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Can someone help me with a big question? When doing web-based application development, why does everyone insist upon creating local versions of the server environment for development? Why not just develop on a hosted server? It seems like a serious pain to try to recreate (and keep synchronized) the entire server environment locally - especially on a variety of boxes and platforms that don't match the hosted environment anyway. It seems much simpler to create a testing environment remotely and work with files in that environment via FTP.

And yet all the SVN services and tools I've found are designed to pull copies onto a given local machine, treating the remote server as a deployment.

I want to set up a remote development environment - so developers can check out their own version of the files they need into their personal file tree on the server. When they're done testing in their own little environment they can commit via SVN to a single staging environment, test again there, and then copy the files from development to production. Where can I find the tool to help me set up and manage something like this?

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What happens when the development server goes down? All of your coders just stop working? What happens when one of your coders has a laptop and loses internet access? Should he stop working? What happens when a coder needs to change a web server configuration setting? He should ask the sysadmin to do it for him and wait? – cdhowie Nov 16 '12 at 7:15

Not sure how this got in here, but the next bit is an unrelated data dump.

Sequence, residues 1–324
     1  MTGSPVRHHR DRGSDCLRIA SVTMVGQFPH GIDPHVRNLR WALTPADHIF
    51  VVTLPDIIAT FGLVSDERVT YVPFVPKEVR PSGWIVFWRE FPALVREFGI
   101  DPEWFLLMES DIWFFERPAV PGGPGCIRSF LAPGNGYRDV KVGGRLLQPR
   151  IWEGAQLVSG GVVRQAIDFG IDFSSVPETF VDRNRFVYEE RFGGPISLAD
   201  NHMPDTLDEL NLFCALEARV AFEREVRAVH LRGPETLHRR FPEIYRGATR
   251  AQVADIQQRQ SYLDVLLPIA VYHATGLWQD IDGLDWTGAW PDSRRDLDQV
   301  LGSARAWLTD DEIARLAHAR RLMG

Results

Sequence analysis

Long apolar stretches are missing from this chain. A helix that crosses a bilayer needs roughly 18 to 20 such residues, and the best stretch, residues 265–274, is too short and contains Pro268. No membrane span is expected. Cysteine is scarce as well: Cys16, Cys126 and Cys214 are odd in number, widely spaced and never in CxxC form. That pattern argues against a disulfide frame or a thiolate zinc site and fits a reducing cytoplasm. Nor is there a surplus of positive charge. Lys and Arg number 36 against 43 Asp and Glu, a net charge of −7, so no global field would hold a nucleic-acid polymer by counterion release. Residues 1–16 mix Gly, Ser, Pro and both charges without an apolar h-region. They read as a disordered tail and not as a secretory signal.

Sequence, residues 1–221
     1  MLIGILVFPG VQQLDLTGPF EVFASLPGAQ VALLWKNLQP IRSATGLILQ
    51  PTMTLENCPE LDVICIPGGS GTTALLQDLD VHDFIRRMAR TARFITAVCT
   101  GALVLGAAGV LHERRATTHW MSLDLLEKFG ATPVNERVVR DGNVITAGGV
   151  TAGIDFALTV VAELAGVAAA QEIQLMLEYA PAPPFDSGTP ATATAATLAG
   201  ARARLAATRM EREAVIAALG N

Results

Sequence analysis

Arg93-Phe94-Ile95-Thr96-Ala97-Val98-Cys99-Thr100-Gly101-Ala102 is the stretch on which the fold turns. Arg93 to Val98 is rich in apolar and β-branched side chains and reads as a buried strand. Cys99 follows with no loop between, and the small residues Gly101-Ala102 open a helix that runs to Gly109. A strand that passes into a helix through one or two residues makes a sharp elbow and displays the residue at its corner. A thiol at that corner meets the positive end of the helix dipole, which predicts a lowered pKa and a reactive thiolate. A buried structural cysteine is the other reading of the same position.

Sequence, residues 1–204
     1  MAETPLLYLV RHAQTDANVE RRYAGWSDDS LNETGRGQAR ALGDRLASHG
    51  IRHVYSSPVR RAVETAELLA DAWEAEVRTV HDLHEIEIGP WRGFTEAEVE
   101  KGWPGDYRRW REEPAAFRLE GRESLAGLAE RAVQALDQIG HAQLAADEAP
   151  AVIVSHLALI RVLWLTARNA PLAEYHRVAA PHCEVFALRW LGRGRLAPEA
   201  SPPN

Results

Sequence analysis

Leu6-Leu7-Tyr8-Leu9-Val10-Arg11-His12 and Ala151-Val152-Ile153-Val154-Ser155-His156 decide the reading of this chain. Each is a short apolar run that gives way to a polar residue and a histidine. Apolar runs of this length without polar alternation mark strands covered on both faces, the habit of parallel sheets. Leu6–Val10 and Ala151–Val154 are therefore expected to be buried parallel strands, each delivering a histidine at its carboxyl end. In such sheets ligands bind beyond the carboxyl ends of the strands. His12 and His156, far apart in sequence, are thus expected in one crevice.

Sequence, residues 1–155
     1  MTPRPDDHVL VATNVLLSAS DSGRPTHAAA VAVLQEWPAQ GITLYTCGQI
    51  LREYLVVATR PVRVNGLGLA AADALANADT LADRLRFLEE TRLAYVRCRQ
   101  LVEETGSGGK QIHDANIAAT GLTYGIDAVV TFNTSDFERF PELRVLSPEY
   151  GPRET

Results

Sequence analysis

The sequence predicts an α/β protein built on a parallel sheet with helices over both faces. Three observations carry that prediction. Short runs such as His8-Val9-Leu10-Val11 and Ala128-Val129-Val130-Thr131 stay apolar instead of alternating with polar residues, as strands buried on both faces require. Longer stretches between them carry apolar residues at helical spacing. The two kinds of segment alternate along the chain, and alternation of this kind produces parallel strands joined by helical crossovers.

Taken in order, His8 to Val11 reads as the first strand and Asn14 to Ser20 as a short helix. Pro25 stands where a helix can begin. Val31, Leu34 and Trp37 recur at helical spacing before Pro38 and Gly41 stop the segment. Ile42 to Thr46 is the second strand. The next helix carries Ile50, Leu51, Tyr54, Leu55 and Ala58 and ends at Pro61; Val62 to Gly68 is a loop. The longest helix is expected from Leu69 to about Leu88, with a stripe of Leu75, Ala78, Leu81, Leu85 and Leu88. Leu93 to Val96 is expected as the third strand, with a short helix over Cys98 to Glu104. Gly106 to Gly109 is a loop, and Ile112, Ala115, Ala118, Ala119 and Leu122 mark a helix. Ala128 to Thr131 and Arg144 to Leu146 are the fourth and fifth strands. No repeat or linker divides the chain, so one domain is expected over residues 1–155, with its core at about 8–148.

So, you find it painful to define an environment locally (which should be done once) and to sync it with the server environment (which should happen rarely), but you don't find it painful to have to transfer files with FTP to a remote server each time you want to test a little change during development? I'd prefer to edit the file, save it, hit refresh in my browser, and see the result of the change immediately. – JB Nizet Nov 16 '12 at 7:26
Shouldn't this question be on – sashoalm Nov 16 '12 at 7:33
@JB: No, actually. With my method, the developer doesn't need to take any time to set up a dev environment at all. FTP is pretty bulletproof and fast. The server goes down far less often than – Michael Sattler Nov 16 '12 at 7:37
@MichaelSattler Which is why you want each developer to have their own sandbox where they can tweak whatever settings they may have to in an environment where it won't bother anybody else if they screw it up a few times. – cdhowie Nov 16 '12 at 7:50

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